Aquilio v. Nelson

Decision Date23 December 1980
Citation78 A.D.2d 195,434 N.Y.S.2d 520
PartiesDonald AQUILIO and Daria Aquilio, as Parents and Natural Guardians of Jason Aquilio, Deceased, and Donald Aquilio, as Administrator of the Goods, Chattels and Credits of Jason Aquilio, Appellants, v. Irving NELSON and James Howard, Respondents.
CourtNew York Supreme Court — Appellate Division

Birnbaum & Manaker, P. C., Syracuse, for appellants; Ralph Manaker, Syracuse, of counsel.

Martin, Ganotis & Brown, Syracuse, for respondents; George F. Mould, Syracuse, of counsel.

Before DILLON, P. J., and CARDAMONE, HANCOCK, CALLAHAN and MOULE, JJ.

CARDAMONE, Justice.

The sole question is whether damages are recoverable for emotional and mental harm suffered by the plaintiff mother as a result of the death of her infant the day following its birth, allegedly caused by the malpractice of the defendants, an attending gynecologist and a pediatrician. This question must be answered in the negative.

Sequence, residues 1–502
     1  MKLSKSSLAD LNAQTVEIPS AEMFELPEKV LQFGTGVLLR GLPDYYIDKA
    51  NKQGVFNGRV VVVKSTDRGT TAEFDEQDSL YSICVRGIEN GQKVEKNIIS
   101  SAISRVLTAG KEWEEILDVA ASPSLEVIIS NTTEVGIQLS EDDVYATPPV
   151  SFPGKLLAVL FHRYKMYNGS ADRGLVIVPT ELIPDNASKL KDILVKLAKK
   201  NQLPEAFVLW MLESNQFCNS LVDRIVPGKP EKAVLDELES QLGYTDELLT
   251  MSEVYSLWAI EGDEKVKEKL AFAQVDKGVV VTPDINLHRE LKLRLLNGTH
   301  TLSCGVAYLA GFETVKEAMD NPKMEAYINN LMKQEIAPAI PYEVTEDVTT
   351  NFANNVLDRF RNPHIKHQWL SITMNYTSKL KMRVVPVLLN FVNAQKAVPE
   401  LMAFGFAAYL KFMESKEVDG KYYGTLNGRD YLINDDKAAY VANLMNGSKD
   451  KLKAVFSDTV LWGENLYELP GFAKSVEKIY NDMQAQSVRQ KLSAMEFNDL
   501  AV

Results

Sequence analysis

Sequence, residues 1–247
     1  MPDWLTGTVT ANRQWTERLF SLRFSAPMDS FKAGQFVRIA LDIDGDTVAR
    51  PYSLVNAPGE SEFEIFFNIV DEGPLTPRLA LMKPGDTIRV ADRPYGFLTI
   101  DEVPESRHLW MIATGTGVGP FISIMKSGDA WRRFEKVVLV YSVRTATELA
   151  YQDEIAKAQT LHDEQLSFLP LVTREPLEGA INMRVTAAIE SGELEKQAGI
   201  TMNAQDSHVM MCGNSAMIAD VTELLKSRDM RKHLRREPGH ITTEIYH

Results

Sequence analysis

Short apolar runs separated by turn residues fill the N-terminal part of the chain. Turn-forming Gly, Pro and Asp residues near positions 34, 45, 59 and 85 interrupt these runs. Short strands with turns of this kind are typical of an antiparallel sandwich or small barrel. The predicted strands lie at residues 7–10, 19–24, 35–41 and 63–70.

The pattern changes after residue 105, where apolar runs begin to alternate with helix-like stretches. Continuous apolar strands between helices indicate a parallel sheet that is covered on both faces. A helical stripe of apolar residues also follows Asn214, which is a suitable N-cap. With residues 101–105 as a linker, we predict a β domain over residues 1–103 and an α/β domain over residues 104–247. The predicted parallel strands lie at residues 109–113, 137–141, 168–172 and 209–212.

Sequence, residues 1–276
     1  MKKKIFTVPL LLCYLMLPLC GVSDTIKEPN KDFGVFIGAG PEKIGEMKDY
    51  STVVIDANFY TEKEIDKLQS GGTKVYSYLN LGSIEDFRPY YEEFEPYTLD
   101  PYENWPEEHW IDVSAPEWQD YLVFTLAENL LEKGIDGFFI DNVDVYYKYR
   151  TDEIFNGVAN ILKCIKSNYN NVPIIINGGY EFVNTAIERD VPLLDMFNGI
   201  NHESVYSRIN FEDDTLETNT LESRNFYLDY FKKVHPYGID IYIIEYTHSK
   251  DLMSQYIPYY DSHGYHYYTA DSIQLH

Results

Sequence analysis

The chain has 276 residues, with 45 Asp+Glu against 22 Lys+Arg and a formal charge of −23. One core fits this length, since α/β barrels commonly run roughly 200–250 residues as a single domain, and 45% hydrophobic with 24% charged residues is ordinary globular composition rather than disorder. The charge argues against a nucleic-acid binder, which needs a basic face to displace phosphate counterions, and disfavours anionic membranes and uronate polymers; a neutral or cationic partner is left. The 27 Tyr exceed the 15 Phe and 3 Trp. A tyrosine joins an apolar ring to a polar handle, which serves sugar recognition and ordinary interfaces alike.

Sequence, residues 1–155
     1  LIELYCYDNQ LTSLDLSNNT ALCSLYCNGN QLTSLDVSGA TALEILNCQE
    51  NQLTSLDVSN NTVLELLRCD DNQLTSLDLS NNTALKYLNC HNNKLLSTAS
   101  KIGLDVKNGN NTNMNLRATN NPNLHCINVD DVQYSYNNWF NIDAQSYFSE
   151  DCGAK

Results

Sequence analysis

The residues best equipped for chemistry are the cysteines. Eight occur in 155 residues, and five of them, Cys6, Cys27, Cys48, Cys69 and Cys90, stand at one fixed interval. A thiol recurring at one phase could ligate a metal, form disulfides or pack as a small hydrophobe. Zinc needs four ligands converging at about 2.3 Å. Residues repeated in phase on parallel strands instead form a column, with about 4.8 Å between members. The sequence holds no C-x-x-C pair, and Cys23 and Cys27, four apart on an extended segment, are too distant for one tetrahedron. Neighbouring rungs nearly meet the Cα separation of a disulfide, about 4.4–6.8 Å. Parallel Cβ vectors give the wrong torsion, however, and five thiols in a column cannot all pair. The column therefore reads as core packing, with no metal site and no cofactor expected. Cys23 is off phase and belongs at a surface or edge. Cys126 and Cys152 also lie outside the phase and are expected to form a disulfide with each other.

This action for medical malpractice, negligence, breach of contract and fraud arose out of the care and treatment of plaintiff Daria Aquilio by defendants Irving Nelson and James Howard during the course of her pregnancy. The alleged cause of death was thrombocytopenia and/or respiratory distress syndrome or hylem membrane disease as a result of prematurity.